(in) G. W. G. BAASS, Lt.-Col., R.A.

    There are a few other hits for WW1 for this officer and his promotions
     
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  19. Derek Barton

    Derek Barton Senior Member

    Well done Dave, that's our man. I've just rechecked the book and his initials are GWG. Can't see there being 2 Lt Cols in the RA called GWG Baass:)
     
  20. Patwalker

    Patwalker Junior Member

    Dear Dave, many thanks for that which does raise an amazing coincidence and leaves more questions than answers. Firstly Bishton Manor is one of the places that various HQ`s of the 6regt stopped in during their wanderings in the West Midlands and is not many miles from my house here on Penn Common.
    Secondly there was a report written during the war by an officer from the regt who managed to escape from Java by sea during the end of the fighting. His name was Major G W E Baillie. For such an unusual name it does seem more than mere coincidence. The lower rank does seem odd though. His report was written during 4th March 1942 (at sea) shortly before the final loss of Java. I notice the report is signed with the rank Lt Col.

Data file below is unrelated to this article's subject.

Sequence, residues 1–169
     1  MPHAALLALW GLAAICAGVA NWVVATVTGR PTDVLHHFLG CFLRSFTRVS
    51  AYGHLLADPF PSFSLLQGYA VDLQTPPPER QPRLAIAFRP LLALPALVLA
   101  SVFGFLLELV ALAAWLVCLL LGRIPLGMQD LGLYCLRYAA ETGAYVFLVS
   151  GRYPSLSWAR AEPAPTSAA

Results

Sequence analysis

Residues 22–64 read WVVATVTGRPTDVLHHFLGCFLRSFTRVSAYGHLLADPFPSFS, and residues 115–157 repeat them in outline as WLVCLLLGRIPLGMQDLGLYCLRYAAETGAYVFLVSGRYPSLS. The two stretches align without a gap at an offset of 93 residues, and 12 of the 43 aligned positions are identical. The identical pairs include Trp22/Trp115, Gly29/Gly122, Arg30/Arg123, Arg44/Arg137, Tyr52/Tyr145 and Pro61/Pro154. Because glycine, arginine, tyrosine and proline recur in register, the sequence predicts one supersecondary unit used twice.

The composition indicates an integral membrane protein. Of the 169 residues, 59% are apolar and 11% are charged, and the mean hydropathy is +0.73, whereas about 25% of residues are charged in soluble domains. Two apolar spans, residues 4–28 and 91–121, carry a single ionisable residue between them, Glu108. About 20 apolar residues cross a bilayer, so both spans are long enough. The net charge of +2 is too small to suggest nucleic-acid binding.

Since the report is hand annotated at the beginning and said to be by a Major G W E Baillie it is therefore possible that the writer of this note got the rank wrong ?? However it is a very interesting piece of info and seems to clear up a mystery. Great stuff then.
    The different initials G W E against G W G could also be an error at the time by someone who did not know him personally.
    Funnily enough the date of 16th Sept 1941 is about the time the Regt got its mobilisation orders for Iraq. Many thanks indeed for this `gem`
    Patrick